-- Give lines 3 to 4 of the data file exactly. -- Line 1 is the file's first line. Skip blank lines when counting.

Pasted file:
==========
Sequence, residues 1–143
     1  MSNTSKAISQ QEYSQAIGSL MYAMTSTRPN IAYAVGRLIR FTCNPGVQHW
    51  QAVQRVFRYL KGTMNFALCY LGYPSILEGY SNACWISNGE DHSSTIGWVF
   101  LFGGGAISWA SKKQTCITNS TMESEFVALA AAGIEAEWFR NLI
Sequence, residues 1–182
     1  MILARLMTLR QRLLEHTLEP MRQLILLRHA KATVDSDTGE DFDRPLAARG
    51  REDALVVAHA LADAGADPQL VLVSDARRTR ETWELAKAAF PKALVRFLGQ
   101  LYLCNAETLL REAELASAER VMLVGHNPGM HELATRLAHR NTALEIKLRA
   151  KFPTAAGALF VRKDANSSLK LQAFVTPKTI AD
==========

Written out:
    51  QAVQRVFRYL KGTMNFALCY LGYPSILEGY SNACWISNGE DHSSTIGWVF
   101  LFGGGAISWA SKKQTCITNS TMESEFVALA AAGIEAEWFR NLI